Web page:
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RMD Timing

For Traditional IRA funds making distributions, is there any advantage to taking the RMD before/after the distribution date?


  • Distributions don't matter in tax-deferred accounts. Take RMDs based on other factors/preferences.
  • beebee
    edited December 2021
    This year's RMD is based on 12/31/2020 ending balance. So let's say that prior to December 31st, 2020 you took distributions for income. Those T-IRA distributions would have lowered your 2020 end of year T-IRA balance impacting your RMD calculation.

    I am assuming you are referring to ST/LT capital gains distributions which often happen in December. If those distributions remain in T-IRA status then I would say, "no, there is no advantage".

    This article might be of help:
    Required minimum distributions (RMDs) are calculated off of last year’s end of year value and need to be taken out by the end of the year. That means you could take the RMD out as early as January 1st or as late as December 31st, but when should you?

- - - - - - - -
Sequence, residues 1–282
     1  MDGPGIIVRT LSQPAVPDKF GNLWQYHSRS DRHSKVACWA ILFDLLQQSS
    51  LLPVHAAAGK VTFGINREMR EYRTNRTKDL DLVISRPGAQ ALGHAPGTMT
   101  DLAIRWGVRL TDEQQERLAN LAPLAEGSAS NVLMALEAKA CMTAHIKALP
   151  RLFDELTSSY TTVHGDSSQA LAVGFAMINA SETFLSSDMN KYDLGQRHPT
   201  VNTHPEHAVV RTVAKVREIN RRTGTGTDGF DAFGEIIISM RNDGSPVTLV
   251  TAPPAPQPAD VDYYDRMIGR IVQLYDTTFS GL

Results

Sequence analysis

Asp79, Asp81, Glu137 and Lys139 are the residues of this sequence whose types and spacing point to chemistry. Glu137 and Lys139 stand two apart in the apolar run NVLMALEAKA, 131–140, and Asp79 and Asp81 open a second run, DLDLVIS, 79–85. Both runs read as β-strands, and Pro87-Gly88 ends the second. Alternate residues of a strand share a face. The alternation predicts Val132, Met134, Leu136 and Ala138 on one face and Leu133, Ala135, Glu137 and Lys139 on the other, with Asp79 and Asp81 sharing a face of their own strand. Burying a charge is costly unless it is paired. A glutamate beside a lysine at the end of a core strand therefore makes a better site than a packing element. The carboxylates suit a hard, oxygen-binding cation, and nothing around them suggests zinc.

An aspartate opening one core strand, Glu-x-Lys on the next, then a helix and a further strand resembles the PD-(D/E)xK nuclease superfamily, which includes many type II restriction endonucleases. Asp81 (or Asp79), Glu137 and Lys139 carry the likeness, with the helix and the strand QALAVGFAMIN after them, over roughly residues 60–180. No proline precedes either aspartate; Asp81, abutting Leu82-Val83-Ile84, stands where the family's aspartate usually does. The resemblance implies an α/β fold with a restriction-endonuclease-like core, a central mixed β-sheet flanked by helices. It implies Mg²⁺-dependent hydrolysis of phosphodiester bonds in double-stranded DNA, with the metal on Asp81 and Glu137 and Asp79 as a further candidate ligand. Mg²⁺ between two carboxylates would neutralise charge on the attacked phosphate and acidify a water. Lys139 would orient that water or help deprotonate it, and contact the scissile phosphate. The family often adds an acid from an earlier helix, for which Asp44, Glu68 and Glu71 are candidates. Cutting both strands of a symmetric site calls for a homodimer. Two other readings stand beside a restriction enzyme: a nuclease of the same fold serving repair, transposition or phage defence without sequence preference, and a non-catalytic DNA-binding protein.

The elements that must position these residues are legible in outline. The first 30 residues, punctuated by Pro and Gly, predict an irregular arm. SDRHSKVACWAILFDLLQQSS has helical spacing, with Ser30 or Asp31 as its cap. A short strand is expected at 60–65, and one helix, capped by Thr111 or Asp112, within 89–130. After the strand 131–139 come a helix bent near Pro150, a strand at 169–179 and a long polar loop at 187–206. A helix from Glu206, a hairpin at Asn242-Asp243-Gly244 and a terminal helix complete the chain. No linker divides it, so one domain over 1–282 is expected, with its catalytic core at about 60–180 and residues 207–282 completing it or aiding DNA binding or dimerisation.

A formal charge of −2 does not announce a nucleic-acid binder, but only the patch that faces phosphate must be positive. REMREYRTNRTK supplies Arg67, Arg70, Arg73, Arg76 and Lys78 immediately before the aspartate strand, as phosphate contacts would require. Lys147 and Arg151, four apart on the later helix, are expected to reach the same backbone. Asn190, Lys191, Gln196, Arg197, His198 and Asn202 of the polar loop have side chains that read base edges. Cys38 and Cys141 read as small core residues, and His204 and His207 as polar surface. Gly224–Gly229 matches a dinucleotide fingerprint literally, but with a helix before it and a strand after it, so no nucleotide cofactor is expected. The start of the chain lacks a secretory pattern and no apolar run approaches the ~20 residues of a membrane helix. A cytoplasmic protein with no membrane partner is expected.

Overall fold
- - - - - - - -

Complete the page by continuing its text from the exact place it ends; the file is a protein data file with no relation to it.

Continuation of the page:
There are a lot of differing opinions when it comes to this question. Most articles on the subject definitively say either “you should take it early in the year” or “you should take it late in the year” with no qualification and not much justification. In reality, the answer is: it depends.
  • I used to be in take-RMD-early camp. But then 2020 happened. When the RMD was reversed at first, it didn't apply to me because I took it too early. But later, it was reversed to include everybody and I took advantage of it. And I also joined the camp of take-RMD-later (Nov/Dec). So, this year, I took it in November.

    But potential yearend CG distributions had no impact on my timing.

    Of course, if you are planning to do Roth Conversions, then take care of RMDs before that.
  • yogibearbull +1 I also got trapped in 2020 & decided not to reverse RMD . It cost be around $900. Live & learn, Derf
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